An Iraqi general interviewed by Reuters last week pointed out that until the Iraqi Army is given the tools of war, they will never be a fighting force. Until we give them all the tools of war, the insurgents will prevail. Knowing this, it is absolutely likely that the Iraqis will not enter a fight they know they will lose. Under these circumstances, desertion will become a major problem particularly when the insurgents threaten to kill the families of the Iraqi soldiers.

The basic fact is that training Iraqi soldiers is a deadly joke. American military officials will not equip the Iraqis with the powerful weapons we use because it is quite likely that those weapons will be used against us or be used in a sectarian civil war.

Training the Iraqis so we can Stand Down as They Stand Up is a myth of major proportions. Call it what you will, but it becomes clear that we will be in Iraq in great numbers for years to come. And our soldiers will continue to die for Bush’s blunder.

At this moment, the American military is building four enormous bases in Iraq. Each one is designed to house at least 18,000 troops. The soldiers will be stationed there so that when the alleged Iraqi Army has a problem, the American troops will go to rescue them. Construction of these bases is an open secret in Washington, but there has been no official recognition of it by the Bush Administration.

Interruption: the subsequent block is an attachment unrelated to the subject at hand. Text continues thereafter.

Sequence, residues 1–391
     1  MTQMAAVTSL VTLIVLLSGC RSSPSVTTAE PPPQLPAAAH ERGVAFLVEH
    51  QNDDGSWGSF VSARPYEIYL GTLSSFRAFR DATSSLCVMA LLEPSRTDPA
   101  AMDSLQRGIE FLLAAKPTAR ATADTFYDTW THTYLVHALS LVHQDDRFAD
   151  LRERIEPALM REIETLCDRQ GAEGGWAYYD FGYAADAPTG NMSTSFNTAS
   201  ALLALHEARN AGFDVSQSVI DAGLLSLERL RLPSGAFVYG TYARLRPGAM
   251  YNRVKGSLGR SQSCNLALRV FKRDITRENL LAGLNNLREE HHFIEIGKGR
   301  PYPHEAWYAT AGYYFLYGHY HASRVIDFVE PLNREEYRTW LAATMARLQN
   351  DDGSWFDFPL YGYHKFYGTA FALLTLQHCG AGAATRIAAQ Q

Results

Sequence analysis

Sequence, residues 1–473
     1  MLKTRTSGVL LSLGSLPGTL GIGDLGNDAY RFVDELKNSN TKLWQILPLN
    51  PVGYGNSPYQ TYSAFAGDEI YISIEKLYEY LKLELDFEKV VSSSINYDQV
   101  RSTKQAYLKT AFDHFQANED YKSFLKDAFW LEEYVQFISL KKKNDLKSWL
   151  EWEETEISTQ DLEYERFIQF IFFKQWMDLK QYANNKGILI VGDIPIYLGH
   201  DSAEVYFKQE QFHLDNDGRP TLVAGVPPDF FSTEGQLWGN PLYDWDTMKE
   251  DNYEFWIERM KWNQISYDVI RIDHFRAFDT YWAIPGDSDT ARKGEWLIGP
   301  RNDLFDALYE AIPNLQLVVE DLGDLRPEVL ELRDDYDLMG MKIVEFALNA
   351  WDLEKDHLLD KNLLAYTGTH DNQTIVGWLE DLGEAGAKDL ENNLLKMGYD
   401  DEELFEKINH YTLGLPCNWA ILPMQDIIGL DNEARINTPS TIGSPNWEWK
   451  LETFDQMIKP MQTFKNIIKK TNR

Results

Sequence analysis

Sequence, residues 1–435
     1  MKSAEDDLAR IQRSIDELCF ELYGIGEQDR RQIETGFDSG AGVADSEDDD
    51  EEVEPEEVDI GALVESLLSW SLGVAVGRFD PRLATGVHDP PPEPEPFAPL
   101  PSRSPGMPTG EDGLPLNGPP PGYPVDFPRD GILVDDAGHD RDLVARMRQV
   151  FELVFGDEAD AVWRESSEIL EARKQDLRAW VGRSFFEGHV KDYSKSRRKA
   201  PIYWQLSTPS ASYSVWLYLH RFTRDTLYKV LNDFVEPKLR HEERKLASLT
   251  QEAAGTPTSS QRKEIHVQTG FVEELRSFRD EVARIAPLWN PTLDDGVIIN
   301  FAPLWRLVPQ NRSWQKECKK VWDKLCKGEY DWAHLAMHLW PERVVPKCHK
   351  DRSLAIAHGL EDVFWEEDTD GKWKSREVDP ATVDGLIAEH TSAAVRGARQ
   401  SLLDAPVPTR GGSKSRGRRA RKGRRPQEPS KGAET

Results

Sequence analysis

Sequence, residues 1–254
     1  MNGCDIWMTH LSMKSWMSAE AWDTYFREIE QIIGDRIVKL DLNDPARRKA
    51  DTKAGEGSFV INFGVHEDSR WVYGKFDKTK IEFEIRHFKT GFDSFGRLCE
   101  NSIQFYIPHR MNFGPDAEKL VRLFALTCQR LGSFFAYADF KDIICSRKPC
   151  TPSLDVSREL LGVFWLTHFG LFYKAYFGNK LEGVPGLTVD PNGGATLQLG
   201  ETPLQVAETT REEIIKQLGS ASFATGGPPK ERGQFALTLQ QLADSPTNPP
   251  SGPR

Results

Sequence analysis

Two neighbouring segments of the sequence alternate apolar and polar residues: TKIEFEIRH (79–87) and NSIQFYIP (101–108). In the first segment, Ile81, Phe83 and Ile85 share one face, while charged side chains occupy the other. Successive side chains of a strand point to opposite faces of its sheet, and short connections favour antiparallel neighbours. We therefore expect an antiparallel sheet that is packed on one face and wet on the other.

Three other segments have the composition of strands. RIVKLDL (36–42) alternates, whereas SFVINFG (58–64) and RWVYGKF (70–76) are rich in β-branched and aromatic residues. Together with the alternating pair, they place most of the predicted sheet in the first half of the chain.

Arithmetic tells us that four permanent bases housing 18,000 soldiers each means that we will have at least 72,000 soldiers in ready combat positions. A question appears in order here. If we have at least 72,000 troops in permanent bases throughout Iraq, what does this say about our confidence in the Iraqi Army to carry the fight to the insurgents? That is point one.

Point two has to do with our standing down. The generals in Washington now concede that we will have 100,000 troops in Iraq for the next several years. Presumably, the 100,000 figure embraces the troops in the four permanent bases. The Army is having trouble finding new recruits which means that our soldiers will do four of five or eight tours of duty in Iraq. Now may it be asked, does it sound like our standing down while the oxymoron army stands up? Not really.

While all this is happening in Iraq, it must be borne in mind that
Osama Bin Laden has not been apprehended. Our troops are in Iraq which leaves the 50 states of the U.S. largely undefended. What would our peerless leaders do if Osama elected to do another 9/11 while our troops are otherwise engaged?